There’s a fair number of developers out there who do one thing and do it really well. Platinum Games, for instance, is fantastic at character-based brawlers…and since that’s pretty much all they ever make, they’ve refined that subgenre to an art. RPG developer Gust Co. Ltd., meanwhile, is in love with crafting systems. These lie at the heart of the Atelier series and similar titles like Mana Khemia and the Ar Tonelico titles. Today we’re going to talk about the latest of their updated Atelier rereleases for the PS Vita: Atelier Ayesha Plus, a revamped version of 2013’s Atelier Ayesha: The Alchemist of Dusk.
Atelier Ayesha chronicles the titular alchemist’s journey to save her lost sister. The setting is one of the more immediately notable aspects of the game, since the last trilogy of Atelier games – the Arland trilogy – took place in a world where alchemy was commonly practiced. Dusk, on the other hand, hasn’t seen alchemy in quite some time and the art is largely forgotten. Part of Ayesha’s journey will involve relearning the art and putting it to work for her benefit.
As always, the heart of Ayesha’s gameplay revolves around the arcane and complex synthesis system. Ayesha’s job is to make items, so you’re going to be spending a fair amount of time making new stuff, using that stuff to make other stuff, using stuff in combat and so on. But wait! Stuff has varying quality values and traits, even between copies of the same item, so you’ll need to pick out the best ingredients for your product. Basically, going into the particulars of how everything works would take an article or five in itself, so instead, let’s just say that fans of crafting systems are going to love this to death…much as they would with any other entry in the Atelier series.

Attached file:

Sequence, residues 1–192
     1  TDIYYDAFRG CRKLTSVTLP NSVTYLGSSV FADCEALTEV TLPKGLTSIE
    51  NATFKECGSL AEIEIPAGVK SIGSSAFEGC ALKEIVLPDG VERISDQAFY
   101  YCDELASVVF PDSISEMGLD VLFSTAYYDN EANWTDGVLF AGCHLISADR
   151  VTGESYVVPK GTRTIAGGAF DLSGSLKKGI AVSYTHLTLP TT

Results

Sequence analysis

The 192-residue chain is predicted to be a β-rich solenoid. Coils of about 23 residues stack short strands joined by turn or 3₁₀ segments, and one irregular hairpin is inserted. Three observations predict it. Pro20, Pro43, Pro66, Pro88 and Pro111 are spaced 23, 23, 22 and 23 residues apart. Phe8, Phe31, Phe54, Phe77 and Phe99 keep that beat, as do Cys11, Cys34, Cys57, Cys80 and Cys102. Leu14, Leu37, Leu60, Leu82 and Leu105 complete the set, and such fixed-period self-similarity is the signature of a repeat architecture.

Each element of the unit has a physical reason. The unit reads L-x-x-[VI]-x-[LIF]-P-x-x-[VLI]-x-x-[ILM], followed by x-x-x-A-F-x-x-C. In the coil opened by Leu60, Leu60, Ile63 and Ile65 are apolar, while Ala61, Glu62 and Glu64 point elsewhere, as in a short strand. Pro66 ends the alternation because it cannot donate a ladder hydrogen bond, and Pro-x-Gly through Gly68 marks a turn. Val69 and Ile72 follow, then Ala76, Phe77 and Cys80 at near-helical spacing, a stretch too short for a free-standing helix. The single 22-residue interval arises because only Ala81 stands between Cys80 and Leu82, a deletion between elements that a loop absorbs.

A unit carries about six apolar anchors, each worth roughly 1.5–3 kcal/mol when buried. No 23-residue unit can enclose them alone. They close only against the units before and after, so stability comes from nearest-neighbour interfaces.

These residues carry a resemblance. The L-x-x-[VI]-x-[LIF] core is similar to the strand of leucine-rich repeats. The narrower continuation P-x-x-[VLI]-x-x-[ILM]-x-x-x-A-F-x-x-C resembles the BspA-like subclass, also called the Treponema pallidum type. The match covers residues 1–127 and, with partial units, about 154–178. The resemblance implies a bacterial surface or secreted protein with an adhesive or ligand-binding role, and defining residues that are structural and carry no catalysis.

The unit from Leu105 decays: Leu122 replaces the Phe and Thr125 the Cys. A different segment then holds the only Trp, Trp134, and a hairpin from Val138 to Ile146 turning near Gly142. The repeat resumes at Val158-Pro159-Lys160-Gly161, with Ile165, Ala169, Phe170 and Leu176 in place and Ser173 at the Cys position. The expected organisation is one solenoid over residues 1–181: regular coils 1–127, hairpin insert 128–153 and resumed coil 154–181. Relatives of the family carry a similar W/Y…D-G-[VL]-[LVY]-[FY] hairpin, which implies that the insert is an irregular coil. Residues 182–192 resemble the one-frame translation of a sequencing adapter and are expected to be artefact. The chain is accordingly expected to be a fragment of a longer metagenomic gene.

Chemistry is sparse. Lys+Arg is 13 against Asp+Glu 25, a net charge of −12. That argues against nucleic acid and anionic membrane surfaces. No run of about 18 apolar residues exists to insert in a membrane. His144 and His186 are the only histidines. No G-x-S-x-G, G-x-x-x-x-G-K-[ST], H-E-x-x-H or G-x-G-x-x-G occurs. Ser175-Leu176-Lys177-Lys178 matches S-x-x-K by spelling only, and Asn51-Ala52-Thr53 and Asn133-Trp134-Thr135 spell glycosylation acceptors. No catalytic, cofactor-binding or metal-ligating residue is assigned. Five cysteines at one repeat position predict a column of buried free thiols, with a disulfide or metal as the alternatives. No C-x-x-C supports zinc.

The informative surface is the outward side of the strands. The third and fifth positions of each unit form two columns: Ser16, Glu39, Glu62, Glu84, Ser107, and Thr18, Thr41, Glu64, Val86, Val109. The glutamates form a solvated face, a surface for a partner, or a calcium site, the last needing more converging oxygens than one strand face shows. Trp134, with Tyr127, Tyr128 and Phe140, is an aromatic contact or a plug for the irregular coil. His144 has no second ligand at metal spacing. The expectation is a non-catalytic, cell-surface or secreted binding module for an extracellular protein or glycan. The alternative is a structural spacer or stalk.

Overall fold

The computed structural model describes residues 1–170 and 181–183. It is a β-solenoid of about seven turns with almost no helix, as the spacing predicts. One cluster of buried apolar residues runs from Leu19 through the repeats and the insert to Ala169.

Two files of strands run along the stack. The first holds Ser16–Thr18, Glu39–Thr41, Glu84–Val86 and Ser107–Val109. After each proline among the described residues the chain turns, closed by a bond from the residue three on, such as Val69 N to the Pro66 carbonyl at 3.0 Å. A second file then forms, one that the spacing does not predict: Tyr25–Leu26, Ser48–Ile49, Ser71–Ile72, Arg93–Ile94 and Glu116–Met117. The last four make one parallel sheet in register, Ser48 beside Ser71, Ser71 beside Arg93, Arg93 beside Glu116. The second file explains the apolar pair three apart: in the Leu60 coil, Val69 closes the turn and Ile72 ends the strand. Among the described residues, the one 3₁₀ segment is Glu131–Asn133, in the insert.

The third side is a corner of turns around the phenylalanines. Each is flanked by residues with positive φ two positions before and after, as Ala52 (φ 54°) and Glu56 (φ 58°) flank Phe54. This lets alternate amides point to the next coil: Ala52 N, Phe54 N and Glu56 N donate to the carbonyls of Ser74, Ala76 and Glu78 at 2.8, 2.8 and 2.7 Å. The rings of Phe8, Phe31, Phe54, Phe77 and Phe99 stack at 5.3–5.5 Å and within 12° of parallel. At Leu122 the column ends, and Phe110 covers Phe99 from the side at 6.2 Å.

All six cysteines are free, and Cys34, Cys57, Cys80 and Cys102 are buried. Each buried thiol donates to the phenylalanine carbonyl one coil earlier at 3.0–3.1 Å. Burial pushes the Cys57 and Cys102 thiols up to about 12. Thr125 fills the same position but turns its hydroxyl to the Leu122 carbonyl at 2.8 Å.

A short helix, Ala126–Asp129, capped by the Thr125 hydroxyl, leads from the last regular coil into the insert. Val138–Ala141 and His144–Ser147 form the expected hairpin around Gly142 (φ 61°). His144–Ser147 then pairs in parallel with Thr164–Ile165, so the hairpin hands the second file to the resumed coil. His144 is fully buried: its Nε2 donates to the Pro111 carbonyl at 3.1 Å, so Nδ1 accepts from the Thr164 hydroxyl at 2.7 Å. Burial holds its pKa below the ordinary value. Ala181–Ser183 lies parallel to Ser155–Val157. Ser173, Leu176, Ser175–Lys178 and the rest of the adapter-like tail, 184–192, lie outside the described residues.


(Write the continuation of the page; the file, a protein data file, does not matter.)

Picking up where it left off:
A lot of the goodies you’ll be using for crafting will come from smacking monsters around, naturally. The combat in Atelier Ayesha is most immediately reminiscent of the earlier Atelier Meruru. It’s a turn-based system where characters can follow up each other’s attacks for combined beatings; positioning also plays a part as heroes move around the battlefield to avoid area attacks and strike at enemies’ vulnerable backsides. As is typical with this series, none of the combat is particularly difficult if you stay on top of synthesis and preparation. Ayesha herself can also gain stats and new synthesis recipes through collecting Memories from sidequests and such, which is a nice touch.
Everything is presented in gorgeous form. The cel-shaded graphics that have become standard for the series are present and accounted for and look brilliant; the Vita doesn’t have any trouble making things run nicely. The English voice acting also avoids being all that grating, though the Plus version offers the Japanese voice track if you’d prefer that.
Fans of the Atelier series are going to enjoy the start of the latest trilogy with this updated Atelier Ayesha Plus, but they probably didn’t need me to tell them that. People who haven’t already gotten into Gust’s alchemical adventures will find this a great place to start thanks to its polished visuals, palatable plot and refined combat system. We’ve already seen the second Dusk game, Atelier Escha & Logy, on PS3 and the third, Atelier Shallie, will be released for the same on March 10. You’re not going to be left hanging for the next part of the plot, in other words, so knock yourself out.